This is part of our Ecuador Expats Series.
My Life in Ecuador: Rebecca Rangel
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Where are your currently living?
I arrived with my family in 2012, but also lived here for 3 years in the early 2000s as college student at USFQ and a teacher at the American School of Quito.
What’s Your Story?
I’m originally from Chicago, but first came to Ecuador in 2001 on a study abroad program. I had a lot of fun ….so much fun that my short and exciting college experience ended with a wedding!!!
After moving back and forth a few different times, I decided to stay in Ecuador to raise my children, at least until they graduate from high school.
I work as a US immigration lawyer, assisting individuals and families obtain visas to visit, live or work in the USA. I also help people with US citizenship and federal benefits before the US Embassy and Consulate.
When did you get the idea of living in Ecuador?
As a little girl, my grandfather taught me to be proud of our beautiful Puerto Rican heritage. I moved abroad to speak more Spanish and connect with my Latino roots. I was young and dreamed of traveling the world.
I didn’t know much about Ecuador, but I knew it was small and very geographically diverse, making it an amazing country to explore! I was also interested in the indigenous culture.
Ecuador implemented dollarization in 2000 and living/studying here was very inexpensive.
How’s your Spanish?
I speak fluent Spanish. I studied it in school, but it took me a few years of complete immersion to learn when and how to express my real self, my deep feelings, and my opinions.
After many years of close contact with Ecuadorians, I feel very comfortable with the culture and confident of my ability to communicate effectively.
My advice is to study, practice and observe! Language goes far beyond plain words. Actions and cultural context are key to understanding the language.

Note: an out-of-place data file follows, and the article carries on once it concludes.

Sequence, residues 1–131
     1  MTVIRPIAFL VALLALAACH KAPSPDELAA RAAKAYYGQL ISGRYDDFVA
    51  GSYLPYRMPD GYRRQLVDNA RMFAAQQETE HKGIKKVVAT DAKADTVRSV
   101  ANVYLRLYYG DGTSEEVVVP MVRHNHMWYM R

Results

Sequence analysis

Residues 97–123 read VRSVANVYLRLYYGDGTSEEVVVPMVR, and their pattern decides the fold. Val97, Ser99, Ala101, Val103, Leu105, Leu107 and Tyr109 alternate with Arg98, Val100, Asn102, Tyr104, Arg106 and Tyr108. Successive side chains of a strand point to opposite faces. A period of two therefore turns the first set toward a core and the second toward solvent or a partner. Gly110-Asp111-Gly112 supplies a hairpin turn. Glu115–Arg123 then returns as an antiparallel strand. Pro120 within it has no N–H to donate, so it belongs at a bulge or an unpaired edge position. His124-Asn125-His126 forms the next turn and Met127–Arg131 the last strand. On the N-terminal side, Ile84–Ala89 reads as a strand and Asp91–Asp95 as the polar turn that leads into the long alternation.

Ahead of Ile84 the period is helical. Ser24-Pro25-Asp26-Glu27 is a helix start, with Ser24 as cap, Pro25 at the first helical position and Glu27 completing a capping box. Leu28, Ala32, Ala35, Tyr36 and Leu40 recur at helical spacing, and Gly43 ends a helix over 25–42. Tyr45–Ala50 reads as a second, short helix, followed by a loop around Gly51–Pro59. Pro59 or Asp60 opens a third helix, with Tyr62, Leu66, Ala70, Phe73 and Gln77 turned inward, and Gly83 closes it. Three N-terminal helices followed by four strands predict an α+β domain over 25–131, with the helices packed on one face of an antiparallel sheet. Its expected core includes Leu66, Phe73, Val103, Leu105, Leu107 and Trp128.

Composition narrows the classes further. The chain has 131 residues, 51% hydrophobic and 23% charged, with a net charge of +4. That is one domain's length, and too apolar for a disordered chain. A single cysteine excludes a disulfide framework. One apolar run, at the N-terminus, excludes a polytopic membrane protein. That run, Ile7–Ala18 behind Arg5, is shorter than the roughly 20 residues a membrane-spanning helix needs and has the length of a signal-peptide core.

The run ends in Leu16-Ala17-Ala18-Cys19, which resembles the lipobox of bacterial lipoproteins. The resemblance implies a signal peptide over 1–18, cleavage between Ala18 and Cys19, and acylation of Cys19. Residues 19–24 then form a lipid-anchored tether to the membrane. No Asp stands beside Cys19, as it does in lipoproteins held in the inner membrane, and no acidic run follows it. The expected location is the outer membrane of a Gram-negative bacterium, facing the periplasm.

More reading: The Best Book to Learn Spanish
How do you make your living?
I launched my own law practice, Rangel Legal, to create my niche as a US immigration lawyer in Ecuador.
I’m growing a client base in this country while freelancing for lawyers in Illinois. I’m also of Counsel at the Paz Horowitz Abogados.
I’m passionate about the law and about helping others, but earning a decent living and trying to save money is a seriously tough feat!
The cost of living in Quito is very reasonable if you are single or have no children.
For a family, living comfortably on two local Ecuadorian salaries is difficult, but not impossible. It depends on your job and what type of lifestyle you desire.
Single parenting on one salary is extremely difficult, unless you have an amazing job or you send your children to public school, don’t rely on child care and cut other expenses.
A monthly budget for a middle-class family in Quito might be $3,500 and up for safe housing, education, childcare, food and transportation. I highly suggest arriving with funds to set-up and keeping savings for an emergency.
If you have or can find employment in your home country that pays well and allows you to work remotely, that would be a best-case scenario.
Another excellent option would be to obtain employment before you move and avoid being hired as a “local.”
What do you love about Ecuador?
I still love Ecuador’s geographic diversity. It’s what brought me here and what keeps me calm on rough days.
A quick trip to the beach, the mountains, or the rainforest takes me away from the hustle and bustle of the city, relaxes, and re-energizes me.
The sun is shining and everyday life keeps me on my toes!
Ecuador may be different from your community, but with an open mind, you can create a unique and happy life for your family!
Hungry for more? Here are all our Ecuador expat stories.
Have a question for Rebecca about what it’s like to live in Ecuador? Join her in the comments below!
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